Fine for failing to protect own data
The English company Interserve Group has to fear a 4.4 million pounds fine from the Information Commissioner Office (ICO). In May 2020, the mentioned company was victim of a phishing attack of an unknown group. 113.000 financial and personal data from current and former employees were stolen. The government has decided that the company failed to put enough effort to protect their employees and enforces that statement with the fine.
Interested in knowing more? Feel free to have a look at the sources below:
- Gone phishing: UK data watchdog fines construction biz £4.4m for poor infosec hygiene (theregister.com)
- Interserve handed £4.4m fine for failing to act on data breach (techmonitor.ai)
Attackers are abusing the information chaos on Twitter. The attacks are directed against users with a verified account. Those accounts receive an e-mail from a fake Twitter support and are threatened with monthly fees or losing their verification status. According to the phishing mail, the only way to stop this, is to reconfirm the accounts. To do this, the victims only have to click on a link, which leads the users to a scam site. On this page, the login data and phone number have to be entered. If a victim follows the instructions, their account will be automatically hijacked by the attacker.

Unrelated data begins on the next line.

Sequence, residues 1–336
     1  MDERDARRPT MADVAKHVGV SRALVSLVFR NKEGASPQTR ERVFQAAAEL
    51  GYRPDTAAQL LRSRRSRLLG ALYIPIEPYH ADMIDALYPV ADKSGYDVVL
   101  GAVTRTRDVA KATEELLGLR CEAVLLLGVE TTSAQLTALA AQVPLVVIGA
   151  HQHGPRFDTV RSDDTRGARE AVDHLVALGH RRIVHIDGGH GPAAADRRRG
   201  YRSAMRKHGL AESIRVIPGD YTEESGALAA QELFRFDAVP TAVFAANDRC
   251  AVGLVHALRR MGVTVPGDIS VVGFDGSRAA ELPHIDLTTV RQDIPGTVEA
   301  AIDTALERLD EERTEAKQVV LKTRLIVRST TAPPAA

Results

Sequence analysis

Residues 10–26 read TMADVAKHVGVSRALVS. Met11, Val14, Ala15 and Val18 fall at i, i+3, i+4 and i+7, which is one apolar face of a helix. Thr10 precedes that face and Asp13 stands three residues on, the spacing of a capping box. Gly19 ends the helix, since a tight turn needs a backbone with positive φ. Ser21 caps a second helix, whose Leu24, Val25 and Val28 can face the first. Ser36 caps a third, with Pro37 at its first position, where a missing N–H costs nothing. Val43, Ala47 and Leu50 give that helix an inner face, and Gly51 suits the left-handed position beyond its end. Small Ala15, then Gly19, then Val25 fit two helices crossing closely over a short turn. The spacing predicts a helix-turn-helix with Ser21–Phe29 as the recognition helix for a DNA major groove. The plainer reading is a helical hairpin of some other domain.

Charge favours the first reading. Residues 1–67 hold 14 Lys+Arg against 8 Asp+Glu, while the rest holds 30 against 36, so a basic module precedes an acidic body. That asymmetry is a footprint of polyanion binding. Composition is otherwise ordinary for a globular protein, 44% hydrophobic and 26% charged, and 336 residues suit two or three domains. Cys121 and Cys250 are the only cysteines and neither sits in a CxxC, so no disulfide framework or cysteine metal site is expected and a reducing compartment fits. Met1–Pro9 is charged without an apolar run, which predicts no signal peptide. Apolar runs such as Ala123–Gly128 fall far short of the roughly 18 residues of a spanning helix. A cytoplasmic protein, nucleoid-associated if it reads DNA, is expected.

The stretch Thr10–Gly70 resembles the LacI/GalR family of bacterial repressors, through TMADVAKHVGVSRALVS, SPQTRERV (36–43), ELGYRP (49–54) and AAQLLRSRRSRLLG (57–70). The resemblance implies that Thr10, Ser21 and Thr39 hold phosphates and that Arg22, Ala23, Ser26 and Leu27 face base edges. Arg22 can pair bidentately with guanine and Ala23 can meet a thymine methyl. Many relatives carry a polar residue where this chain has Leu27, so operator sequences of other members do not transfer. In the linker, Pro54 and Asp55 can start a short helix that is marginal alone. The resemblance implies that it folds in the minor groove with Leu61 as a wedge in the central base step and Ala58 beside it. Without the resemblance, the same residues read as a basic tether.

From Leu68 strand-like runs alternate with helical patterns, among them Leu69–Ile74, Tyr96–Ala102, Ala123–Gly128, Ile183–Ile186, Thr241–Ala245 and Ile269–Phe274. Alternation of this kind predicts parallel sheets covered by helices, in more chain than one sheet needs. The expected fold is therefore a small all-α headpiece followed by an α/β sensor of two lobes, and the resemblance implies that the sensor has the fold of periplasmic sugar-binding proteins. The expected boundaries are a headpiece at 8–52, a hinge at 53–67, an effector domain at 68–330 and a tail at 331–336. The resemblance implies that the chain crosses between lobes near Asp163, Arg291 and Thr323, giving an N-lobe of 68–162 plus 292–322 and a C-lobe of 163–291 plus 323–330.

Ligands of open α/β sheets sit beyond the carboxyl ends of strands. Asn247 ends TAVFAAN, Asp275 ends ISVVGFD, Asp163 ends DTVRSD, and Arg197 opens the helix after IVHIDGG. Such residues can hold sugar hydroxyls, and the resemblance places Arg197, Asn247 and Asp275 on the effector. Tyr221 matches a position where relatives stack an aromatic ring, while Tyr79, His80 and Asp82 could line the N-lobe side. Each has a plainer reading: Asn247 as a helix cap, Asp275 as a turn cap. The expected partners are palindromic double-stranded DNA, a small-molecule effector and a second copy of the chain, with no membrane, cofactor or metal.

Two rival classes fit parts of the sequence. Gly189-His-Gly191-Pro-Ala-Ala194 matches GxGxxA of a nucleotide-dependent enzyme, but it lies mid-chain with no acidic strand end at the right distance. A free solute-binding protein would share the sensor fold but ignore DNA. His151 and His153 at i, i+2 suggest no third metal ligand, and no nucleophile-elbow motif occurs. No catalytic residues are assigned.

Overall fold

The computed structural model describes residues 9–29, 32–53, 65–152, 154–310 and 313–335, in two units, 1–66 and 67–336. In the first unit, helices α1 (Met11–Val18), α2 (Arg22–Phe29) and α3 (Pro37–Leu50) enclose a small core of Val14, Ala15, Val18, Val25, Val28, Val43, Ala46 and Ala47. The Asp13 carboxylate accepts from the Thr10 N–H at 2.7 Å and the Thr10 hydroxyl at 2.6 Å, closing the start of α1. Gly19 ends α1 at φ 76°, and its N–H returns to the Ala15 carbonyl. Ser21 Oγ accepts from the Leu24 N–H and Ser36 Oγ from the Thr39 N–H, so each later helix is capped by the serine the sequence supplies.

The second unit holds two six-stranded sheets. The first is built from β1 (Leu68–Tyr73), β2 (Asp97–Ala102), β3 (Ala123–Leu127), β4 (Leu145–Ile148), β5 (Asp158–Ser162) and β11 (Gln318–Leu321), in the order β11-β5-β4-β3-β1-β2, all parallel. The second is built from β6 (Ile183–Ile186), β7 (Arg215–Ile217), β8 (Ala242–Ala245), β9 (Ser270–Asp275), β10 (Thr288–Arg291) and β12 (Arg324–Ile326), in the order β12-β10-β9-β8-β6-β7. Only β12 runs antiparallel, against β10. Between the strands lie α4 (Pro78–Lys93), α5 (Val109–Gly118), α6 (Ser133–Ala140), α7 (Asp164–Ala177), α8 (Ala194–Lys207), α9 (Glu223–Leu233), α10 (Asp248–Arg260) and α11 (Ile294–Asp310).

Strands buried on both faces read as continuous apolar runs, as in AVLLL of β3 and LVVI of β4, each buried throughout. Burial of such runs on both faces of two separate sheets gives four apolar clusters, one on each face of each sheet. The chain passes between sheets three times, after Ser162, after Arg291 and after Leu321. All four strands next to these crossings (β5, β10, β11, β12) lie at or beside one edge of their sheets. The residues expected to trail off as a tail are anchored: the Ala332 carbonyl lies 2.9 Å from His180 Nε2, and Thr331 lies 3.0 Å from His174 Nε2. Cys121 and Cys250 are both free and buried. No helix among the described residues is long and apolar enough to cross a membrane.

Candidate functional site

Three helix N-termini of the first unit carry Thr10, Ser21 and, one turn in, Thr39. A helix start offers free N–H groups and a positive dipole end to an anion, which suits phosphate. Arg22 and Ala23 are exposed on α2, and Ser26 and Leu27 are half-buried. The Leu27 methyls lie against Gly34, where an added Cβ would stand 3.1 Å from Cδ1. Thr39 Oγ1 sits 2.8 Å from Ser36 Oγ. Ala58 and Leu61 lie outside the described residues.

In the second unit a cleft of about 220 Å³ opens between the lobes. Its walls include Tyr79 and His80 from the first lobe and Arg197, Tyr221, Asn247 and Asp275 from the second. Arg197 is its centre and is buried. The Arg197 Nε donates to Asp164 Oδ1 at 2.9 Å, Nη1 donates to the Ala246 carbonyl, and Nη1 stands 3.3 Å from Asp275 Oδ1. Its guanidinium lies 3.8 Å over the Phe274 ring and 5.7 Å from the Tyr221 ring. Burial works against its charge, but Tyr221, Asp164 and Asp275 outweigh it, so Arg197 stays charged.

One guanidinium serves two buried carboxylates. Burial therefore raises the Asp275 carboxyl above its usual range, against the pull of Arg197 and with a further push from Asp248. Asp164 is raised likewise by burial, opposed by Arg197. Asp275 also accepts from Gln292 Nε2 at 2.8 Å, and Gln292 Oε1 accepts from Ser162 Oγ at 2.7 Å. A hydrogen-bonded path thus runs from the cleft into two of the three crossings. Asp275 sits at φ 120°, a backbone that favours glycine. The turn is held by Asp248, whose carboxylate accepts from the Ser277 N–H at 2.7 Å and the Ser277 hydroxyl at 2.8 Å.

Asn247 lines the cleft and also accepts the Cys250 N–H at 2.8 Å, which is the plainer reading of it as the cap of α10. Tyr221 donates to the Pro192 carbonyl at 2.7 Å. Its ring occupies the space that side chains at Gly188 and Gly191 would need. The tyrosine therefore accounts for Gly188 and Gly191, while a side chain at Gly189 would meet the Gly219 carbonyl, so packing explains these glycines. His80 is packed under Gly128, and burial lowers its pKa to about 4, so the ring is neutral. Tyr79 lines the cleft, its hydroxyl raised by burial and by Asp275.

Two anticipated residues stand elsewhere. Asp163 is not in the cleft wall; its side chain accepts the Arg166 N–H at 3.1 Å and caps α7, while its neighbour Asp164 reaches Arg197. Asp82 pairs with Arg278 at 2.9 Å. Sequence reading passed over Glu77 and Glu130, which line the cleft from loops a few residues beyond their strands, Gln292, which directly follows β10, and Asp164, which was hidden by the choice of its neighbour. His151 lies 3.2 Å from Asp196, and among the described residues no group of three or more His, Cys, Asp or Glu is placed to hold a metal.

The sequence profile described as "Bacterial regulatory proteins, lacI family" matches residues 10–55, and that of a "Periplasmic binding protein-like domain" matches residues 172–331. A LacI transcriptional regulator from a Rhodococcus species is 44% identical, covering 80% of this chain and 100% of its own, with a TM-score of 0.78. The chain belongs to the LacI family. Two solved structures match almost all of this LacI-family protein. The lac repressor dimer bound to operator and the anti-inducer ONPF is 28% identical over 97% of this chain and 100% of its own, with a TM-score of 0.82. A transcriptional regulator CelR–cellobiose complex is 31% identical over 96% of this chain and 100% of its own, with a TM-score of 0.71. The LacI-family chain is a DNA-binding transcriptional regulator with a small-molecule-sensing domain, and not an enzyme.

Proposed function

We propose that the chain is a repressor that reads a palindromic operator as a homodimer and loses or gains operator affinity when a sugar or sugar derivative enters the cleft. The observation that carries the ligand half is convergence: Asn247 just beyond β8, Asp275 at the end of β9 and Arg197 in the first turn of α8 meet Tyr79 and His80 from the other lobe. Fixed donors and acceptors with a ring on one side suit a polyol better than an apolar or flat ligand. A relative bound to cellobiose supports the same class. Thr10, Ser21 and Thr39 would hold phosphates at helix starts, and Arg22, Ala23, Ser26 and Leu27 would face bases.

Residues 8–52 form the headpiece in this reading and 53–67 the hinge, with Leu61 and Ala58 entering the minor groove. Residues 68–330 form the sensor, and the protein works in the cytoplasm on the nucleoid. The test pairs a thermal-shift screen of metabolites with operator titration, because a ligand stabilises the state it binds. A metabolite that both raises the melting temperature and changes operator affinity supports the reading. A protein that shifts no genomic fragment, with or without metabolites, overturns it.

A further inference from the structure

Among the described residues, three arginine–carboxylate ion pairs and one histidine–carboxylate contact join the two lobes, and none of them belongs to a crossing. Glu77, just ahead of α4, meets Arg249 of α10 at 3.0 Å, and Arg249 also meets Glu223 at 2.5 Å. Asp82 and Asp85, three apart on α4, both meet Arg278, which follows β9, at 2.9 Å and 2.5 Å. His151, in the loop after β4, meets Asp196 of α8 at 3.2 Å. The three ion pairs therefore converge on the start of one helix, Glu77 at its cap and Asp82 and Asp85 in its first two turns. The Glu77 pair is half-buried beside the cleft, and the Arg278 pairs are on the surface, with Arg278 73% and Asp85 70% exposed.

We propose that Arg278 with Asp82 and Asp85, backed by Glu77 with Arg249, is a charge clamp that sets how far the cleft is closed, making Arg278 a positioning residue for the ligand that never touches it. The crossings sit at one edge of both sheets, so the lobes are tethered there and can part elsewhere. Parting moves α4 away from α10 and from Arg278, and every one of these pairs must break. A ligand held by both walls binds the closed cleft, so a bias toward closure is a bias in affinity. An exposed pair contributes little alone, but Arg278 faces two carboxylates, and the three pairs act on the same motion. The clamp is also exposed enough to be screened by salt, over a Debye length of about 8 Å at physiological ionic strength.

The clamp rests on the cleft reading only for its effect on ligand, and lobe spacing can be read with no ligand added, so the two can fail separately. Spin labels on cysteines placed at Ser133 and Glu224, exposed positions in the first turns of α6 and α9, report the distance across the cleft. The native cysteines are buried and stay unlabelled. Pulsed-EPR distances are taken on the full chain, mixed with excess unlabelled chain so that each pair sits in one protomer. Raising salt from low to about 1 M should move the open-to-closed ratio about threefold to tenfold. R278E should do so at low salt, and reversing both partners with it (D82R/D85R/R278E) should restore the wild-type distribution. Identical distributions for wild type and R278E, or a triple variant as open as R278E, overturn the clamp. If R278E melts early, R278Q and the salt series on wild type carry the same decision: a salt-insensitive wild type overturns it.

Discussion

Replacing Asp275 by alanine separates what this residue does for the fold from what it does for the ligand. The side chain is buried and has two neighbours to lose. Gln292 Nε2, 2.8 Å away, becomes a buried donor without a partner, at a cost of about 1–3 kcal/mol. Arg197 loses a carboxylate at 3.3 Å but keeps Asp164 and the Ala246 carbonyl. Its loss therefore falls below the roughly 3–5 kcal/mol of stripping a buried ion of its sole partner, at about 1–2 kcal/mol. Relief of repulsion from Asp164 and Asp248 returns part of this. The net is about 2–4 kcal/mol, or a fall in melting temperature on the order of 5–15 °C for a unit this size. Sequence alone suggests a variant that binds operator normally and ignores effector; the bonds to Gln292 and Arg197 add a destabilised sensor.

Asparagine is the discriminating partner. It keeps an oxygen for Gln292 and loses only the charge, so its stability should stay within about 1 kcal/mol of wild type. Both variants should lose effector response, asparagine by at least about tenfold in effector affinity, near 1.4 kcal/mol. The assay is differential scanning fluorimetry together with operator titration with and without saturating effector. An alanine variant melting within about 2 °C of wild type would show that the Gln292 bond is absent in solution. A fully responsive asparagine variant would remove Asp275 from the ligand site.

Hard to believe? Here are the sources:
- Verified users beware! Scammers are exploiting Twitter turmoil caused by Elon Musk’s takeover (tripwire.com)
- New phishing warns: Your verified Twitter account may be at risk (bleepingcomputer.com)
OPENSSL Patch 3.0.7
The widely used open-source project OPENSSL released a fix on November 1st for two high rated vulnerabilities, CVE-2022-3786 and CVE-2022-3602.
- The first vulnerability can be triggered with a malicious email address which leads to a buffer overflow and a resulting Denial of Service (DoS).
- The second vulnerability is also taking advantage of a buffer overflow, but the attacker can use it to not only perform a DoS-attack but also to enable remote code execution.
Both vulnerabilities were closed in the latest release of OPENSSL.
For more insights on the OPENSSL patch 3.0.7, check the official news: Vulnerabilities (openssl.org).
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